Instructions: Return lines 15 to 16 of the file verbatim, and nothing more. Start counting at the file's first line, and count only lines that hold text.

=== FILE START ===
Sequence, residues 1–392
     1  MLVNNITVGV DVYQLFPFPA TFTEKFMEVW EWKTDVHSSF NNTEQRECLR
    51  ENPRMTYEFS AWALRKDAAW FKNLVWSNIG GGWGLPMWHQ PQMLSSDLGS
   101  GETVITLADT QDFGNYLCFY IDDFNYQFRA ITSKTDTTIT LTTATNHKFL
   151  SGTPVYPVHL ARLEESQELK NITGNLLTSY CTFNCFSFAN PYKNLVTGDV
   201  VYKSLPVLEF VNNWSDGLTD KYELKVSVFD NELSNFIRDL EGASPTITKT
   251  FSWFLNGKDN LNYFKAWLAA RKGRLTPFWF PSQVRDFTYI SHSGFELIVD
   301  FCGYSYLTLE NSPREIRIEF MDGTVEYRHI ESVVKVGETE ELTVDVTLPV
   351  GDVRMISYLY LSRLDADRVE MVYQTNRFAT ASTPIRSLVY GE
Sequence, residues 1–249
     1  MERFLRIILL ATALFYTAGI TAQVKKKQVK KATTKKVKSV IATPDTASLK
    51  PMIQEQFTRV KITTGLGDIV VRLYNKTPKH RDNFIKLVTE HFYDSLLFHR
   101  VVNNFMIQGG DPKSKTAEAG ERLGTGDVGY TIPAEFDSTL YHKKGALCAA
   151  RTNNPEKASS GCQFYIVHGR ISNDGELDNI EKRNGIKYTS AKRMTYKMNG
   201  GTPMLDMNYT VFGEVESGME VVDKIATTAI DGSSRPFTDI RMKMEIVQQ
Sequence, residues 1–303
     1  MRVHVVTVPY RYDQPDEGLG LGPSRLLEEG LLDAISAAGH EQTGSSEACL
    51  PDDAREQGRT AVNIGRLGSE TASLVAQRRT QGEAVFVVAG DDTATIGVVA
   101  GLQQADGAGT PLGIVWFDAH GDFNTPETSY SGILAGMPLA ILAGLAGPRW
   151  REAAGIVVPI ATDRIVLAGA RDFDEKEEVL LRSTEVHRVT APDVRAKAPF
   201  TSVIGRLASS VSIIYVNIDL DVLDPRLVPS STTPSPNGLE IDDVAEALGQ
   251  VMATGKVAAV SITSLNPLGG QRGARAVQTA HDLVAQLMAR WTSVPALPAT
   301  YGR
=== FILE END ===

   201  GTPMLDMNYT VFGEVESGME VVDKIATTAI DGSSRPFTDI RMKMEIVQQ
Sequence, residues 1–303